Tom Temin: And does that also extend to the civilian workforce, which is often overlooked as a really crucial part of all of this? I’ve come across some individuals on the civilian side in DoD, just doing amazing leading edge work in acquisition, in artificial intelligence, and ways of just speeding up everything and they’re not at all squeamish about doing this for the military purpose.
Lt. Gen. Mark Faulkner: It does apply, but I will tell you that the defense industry, DoD in particular, is really doing well in that area, compared to how they’ve done in the past. There are pockets of success, I will tell you. So let me give you a couple of examples. The Army, in terms of their civilian career force management, is tremendous. They’ve just recently published an implementation plan that clearly lays out objectives and goals for the future. And they are actually resourcing and putting money against it. I mentioned the honorable Chris Loman, the assistant secretary of Defense for sustainment; he is working hard to actually get it in their palm, as opposed to just paying it out of the daily operational budget. One last one would be the DLA, the Defense Logistics Agency, and United States Transportation Command. [Vice Adm.] Michelle Scubik and Gen. [Jacqueline] Van Ovost at TRANSCOM are actually putting money against their civilian workforce in particular. More than ever, we’ve recognized how important those folks are. Frankly, they’re the continuity as folks like me in military uniform bounce around across the nation, they stay in position sometimes for 15, 20, 25 years. So it’s important that they’re educated and professionally developed as well.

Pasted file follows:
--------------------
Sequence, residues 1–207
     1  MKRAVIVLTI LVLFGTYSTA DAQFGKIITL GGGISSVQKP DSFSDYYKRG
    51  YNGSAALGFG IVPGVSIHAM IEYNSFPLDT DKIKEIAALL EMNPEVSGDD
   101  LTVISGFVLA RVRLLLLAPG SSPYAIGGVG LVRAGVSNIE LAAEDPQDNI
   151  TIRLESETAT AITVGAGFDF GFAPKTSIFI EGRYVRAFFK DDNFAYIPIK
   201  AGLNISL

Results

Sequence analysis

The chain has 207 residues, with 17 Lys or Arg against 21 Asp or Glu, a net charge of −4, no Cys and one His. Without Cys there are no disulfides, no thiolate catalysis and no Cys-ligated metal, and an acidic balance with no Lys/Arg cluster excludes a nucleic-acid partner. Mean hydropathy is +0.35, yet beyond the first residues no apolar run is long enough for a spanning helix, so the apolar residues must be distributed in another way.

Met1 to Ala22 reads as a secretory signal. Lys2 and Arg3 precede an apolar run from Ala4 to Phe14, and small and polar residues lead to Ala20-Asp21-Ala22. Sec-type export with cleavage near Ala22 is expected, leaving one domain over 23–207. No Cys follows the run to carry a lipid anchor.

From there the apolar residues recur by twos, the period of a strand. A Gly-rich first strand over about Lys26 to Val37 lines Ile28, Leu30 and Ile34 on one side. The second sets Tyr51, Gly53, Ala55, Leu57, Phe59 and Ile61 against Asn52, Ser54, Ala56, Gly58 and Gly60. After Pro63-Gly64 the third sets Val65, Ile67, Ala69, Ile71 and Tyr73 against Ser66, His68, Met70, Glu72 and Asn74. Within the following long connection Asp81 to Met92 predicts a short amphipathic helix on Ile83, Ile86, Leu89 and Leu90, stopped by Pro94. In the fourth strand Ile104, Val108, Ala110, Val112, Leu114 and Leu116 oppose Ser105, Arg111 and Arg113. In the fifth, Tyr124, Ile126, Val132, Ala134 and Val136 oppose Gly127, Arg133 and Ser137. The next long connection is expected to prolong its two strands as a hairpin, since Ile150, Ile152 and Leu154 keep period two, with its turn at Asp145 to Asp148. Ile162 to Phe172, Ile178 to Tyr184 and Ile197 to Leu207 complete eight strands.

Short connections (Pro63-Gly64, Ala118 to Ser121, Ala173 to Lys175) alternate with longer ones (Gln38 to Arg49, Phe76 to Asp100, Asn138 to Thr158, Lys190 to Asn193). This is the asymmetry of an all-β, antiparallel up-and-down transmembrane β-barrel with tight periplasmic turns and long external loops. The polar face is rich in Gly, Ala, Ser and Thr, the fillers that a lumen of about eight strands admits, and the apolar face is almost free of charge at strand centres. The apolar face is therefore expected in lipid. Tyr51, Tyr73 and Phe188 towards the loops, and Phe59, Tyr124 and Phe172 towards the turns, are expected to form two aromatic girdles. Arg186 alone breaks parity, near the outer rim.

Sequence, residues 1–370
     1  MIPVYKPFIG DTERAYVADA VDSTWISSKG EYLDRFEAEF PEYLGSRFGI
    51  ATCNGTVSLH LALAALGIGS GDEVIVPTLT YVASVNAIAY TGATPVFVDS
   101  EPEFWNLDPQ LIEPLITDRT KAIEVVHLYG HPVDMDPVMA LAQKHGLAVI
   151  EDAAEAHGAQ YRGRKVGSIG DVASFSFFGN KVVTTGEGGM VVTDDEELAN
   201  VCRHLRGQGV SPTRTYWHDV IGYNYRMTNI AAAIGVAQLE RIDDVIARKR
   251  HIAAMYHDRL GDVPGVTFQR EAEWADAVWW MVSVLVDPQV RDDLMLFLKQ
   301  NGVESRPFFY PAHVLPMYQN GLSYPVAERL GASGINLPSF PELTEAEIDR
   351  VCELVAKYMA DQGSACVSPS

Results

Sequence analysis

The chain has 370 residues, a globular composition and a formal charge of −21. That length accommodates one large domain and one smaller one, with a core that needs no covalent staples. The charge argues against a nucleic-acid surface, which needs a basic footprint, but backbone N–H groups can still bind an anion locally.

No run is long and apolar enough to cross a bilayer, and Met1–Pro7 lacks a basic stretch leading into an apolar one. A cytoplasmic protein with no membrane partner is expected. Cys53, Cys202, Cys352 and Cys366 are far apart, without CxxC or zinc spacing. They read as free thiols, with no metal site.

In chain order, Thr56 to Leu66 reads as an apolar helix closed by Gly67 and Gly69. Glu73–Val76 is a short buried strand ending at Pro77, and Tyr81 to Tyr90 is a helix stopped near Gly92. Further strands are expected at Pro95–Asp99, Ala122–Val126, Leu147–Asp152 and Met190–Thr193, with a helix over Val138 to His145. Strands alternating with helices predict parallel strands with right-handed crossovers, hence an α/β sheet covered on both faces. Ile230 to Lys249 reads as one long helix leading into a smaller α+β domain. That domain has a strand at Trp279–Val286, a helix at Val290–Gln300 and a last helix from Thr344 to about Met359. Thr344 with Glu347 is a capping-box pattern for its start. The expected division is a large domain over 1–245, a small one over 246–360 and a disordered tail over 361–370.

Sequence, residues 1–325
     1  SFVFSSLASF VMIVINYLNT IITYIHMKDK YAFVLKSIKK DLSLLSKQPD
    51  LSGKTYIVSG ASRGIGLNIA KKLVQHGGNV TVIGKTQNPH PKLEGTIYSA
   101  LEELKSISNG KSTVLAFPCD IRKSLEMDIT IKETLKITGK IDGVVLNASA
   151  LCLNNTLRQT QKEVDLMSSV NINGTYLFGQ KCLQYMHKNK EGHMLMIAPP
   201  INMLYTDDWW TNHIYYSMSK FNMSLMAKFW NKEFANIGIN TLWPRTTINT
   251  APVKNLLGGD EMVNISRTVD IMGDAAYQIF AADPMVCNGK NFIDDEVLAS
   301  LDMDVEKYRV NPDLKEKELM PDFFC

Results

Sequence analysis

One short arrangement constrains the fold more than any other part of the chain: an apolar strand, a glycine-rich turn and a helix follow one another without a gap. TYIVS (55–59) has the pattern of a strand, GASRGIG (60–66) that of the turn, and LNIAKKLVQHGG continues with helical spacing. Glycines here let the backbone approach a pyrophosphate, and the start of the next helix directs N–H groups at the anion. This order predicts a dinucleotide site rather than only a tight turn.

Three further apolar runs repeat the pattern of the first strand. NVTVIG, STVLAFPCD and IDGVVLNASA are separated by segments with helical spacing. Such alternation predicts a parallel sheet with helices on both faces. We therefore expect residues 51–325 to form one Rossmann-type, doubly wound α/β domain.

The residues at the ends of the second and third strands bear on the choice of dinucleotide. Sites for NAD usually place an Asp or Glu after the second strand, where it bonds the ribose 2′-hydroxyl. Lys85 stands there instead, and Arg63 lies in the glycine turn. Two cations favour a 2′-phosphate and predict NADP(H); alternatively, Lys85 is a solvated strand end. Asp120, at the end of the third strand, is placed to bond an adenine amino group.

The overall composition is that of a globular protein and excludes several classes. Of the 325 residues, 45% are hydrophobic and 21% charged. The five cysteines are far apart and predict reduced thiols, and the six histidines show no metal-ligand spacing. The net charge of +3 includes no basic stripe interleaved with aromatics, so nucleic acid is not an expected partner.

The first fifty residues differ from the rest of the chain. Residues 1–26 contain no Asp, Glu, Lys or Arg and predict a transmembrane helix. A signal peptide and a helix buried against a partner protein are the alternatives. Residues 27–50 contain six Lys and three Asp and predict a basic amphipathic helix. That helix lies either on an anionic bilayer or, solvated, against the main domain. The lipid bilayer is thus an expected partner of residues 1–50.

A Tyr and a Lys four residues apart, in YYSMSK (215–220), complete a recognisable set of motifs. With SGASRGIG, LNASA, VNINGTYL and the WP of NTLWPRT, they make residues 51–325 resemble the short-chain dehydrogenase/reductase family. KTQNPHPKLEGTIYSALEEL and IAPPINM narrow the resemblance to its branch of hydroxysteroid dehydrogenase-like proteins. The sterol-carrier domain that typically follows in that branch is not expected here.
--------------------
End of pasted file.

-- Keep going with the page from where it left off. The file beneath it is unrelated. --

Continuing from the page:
Tom Temin: Alright, so sounds like you’re optimistic.
Lt. Gen. Mark Faulkner: I really am. But it doesn’t mean that we can’t be better. And it doesn’t mean that we don’t have work to do if, in fact, we’re going to deliver on these challenges that are laid out in the National Defense Strategy.